Patients who received at least one dose of azulene or Elental were included in the analyses. Based on the results of previous studies (2830), the difference between the incidences of oral mucositis for two arms was assumed to be 35% (the incidence for the azulene arm and Elental Arm being 50 and 15%, respectively). With one-sided type I error=0.1 and type II error=0.2, it was necessary to include 16 patients in each arm. Assuming 10% drop-out, we calculated that a total of 18 patients were required in both treatment arms. The baseline characteristics of the patients were compared between the treatment arms using Chi-squared test (applying the Yates correction when necessary) for categorical variables and using Student's t-test for continuous variables. Differences between paired observations were determined using the Student's paired t-test. P-values <0.05 were considered significant. All statistical analyses were performed with GraphPad Prism 5 for Windows (Graphpad Software, Inc., San Diego, CA, USA).

Results

Patient characteristics

Thirty-six patients were enrolled in the study between February 2012 and April 2015, after signing the written informed consent, and they were randomly assigned to receive oral rinse with azulene (Arm 1, n=18) or to undergo administration of Elental® (Arm 2, n=18). Of them, three patients were excluded from analysis (Arm 1, 1; Arm 2, 2), who did not receive either treatment (i.e., azulene or elental). Consequently, 33 patients were included in the complete analysis (Fig. 1). The average BMI and SMI for the 33 patients was 20.42 and 6.59 kg/m2, respectively. Although sarcopenia was observed in 20 patients (60.6%) prior to treatment, there was no sarcopenic obesity, i.e., sarcopenia combined with BMI ≥25 kg/m2. The baseline patient characteristics were similar between the groups (Table II). As randomization was stratified by treatment (chemotherapy/chemoradiotherapy) and stage, these were well balanced between the treatment groups. However, with respect to the chemotherapy regimen, triplet chemotherapy regimen, which is a more toxic regimen with an increased incidence of stomatitis (31), was more frequently used for patients in Arm 2 (Arm 1=22.2%; Arm 2=50.0%). Although CRP (P=0.24), white blood cell count (P=0.12) and total neutrophil count (P=0.14) tended to be higher in patients in Arm 2, the differences were not statistically significant. BMI and body composition (i.e., body fat mass and LBM) were comparable between the groups.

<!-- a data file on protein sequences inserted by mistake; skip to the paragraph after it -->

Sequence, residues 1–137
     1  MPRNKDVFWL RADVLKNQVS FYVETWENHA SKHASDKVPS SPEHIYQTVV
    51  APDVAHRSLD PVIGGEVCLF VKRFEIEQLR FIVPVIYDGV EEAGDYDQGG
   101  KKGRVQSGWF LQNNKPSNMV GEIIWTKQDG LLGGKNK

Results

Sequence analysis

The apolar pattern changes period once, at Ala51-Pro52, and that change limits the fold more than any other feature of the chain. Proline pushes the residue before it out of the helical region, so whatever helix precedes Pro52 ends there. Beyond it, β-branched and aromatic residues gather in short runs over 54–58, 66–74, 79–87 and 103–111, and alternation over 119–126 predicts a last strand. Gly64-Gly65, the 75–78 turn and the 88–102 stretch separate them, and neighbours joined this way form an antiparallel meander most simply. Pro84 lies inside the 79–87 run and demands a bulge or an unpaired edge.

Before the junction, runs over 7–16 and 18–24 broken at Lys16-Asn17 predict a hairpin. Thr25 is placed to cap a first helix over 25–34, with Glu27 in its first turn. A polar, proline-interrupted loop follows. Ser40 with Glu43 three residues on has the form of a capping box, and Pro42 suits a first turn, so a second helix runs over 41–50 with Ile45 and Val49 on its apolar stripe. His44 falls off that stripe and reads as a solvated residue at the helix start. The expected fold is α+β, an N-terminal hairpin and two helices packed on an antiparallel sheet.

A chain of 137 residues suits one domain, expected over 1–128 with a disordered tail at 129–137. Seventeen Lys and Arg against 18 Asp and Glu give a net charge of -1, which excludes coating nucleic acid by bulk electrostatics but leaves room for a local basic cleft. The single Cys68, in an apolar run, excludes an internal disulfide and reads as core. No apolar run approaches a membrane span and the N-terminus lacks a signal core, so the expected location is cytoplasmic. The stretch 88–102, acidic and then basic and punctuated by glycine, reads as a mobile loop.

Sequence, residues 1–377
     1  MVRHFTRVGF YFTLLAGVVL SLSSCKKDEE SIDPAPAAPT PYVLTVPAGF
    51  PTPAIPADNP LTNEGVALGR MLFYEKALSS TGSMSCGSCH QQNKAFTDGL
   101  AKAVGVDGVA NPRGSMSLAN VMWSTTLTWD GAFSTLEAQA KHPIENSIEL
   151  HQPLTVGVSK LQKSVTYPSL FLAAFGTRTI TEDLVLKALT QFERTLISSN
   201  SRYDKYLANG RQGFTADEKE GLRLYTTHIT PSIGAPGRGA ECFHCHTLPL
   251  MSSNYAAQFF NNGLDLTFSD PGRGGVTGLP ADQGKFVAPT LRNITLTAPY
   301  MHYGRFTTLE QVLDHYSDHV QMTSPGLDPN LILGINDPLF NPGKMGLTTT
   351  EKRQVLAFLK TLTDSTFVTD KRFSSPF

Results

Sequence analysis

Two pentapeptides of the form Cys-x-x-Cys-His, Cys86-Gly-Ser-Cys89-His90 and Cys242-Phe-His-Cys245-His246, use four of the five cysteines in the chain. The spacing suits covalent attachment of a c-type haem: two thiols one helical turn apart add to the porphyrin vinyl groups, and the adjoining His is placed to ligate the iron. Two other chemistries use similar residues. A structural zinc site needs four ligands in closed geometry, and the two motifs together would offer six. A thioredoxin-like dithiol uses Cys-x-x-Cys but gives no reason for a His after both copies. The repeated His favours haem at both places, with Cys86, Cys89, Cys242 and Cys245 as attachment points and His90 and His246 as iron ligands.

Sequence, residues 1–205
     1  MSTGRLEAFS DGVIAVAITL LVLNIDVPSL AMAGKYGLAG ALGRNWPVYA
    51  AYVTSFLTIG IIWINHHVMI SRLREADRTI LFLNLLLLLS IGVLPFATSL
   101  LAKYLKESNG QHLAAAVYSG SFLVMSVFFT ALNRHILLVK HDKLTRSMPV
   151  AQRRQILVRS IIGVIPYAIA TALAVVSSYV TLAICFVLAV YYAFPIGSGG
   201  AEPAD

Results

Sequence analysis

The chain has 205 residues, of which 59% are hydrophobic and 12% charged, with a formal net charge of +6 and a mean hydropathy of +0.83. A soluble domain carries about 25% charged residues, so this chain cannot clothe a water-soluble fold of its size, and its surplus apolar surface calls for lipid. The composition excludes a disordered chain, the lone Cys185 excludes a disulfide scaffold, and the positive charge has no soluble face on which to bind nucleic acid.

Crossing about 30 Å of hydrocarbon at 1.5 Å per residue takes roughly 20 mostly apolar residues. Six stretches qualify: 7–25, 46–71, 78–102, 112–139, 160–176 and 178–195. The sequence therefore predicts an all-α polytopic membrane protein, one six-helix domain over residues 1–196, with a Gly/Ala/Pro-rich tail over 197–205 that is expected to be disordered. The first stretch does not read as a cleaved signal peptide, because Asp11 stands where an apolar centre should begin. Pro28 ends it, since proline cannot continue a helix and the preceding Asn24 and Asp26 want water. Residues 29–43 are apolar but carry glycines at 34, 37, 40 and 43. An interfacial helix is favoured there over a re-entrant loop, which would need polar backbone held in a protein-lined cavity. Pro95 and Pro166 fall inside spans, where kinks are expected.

Table II

Baseline patient characteristics.

Table II

Baseline patient characteristics.

CharacteristicsArm 1 (Azulene, n=17)Arm 2 (Elental, n=16)P-value
Gender (Male/female)13/414/21
Age, median (range)66 (44–79)68 (50–76)0.46
ECOG performance status
 0860.51
 1910
Stage
 I340.95
 II11
 III97
 IV44
Treatment
 Chemotherapy (doublet/triplet)9 (7/2)8 (4/4)1
 Chemo-radiotherapy88
BMI (kg/m2)20.39±2.8420.46±1.760.93
Body fat weight (kg)12.08±5.6512.39±3.200.85
LBM (kg)23.78±0.9424.35±1.060.69
SMI (kg/m2)6.57±0.856.60±0.740.92
Albumin (g/dl)3.78±0.383.78±0.370.99